In towns bloodied by the Syrian uprising, the electricity goes out, putting medicine that needs to be refrigerated at risk. Wounded people are afraid to go to a hospital, worrying that they will be arrested or tortured. Needles to stream intravenous fluid or transfer blood are in short supply.
These are the woes that Syrian-born physician Bassel Atassi recounts from Detroit.
Atassi is a board member with the Syrian American Medical Society, a nonprofit group for medical professionals of Syrian descent. The group has been trying to assist doctors in Syria, which has been racked by violence as opposition members try to overthrow the government of President Bashar Assad.
"We’re trying not to deal with any politics," Atassi said. But politics are everywhere for Syrian doctors.
Physicians have been persecuted for helping injured protesters or even carrying medicines, according to testimony gathered by Doctors Without Borders. A Syrian doctor contacted through the Syrian American Medical Society was afraid to give his name.
"They look at us like we are terrorists who are fighting them through our medical services," he said Wednesday in a Skype interview from Syria. "All of your day you are afraid. At the beginning we couldn’t sleep. We expected that every phone call we received..." He paused. "But somehow we got used to it."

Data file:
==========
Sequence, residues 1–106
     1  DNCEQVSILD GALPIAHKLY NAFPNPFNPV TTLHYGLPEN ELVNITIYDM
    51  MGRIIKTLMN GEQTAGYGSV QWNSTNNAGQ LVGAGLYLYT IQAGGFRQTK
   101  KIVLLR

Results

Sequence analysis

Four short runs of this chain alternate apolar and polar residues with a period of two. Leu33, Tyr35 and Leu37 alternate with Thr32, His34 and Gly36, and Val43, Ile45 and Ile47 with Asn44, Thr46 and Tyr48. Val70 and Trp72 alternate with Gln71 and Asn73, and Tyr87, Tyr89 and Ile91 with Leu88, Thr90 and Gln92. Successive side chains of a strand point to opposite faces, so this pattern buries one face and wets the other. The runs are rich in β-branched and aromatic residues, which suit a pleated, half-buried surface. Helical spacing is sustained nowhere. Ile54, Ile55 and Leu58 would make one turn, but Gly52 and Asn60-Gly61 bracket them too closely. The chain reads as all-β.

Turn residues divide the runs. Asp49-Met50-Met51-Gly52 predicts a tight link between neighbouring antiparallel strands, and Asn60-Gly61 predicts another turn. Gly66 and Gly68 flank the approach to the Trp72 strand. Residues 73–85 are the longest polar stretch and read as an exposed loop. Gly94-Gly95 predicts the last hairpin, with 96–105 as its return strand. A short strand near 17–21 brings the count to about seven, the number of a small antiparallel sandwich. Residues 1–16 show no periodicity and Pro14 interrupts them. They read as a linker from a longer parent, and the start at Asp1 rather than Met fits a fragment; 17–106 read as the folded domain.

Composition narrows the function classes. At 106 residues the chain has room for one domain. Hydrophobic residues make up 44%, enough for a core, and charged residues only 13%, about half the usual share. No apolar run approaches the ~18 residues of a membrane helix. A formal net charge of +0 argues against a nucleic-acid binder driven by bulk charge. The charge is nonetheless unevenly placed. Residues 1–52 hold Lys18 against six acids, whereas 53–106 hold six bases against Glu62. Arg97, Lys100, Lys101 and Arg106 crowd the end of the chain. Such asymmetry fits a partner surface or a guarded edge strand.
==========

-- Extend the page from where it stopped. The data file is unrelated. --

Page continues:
The Syrian doctor, whose account couldn't be independently verified, described treating wounds made by snipers and shrapnel even though he isn’t trained as a surgeon.
"There was a bullet in the chest that went all the way through," he recounted. "Thank goodness the subtracheal arteries weren’t injured. Usually you would have a chest X-ray, but we couldn’t risk his life by transporting him to a hospital."
He said he doesn't trust even the few humanitarian organizations that are trying to provide help, fearing that are tied to the government. "We cannot risk ourselves more than we are," he said.
Back in the United States, the Syrian American Medical Society has been urging the International Committee of the Red Cross to put more pressure on Syria to let the wounded be safely transported and treated.
"We could send in money and medicine if they let things come in," Atassi said of the Syrian authorities. "But they don’t."
-- Emily Alpert in Los Angeles
Photo: Two Syrian rebels evacuate an injured fellow rebel Wednesday in Idlib, Syria. Credit: Associated Press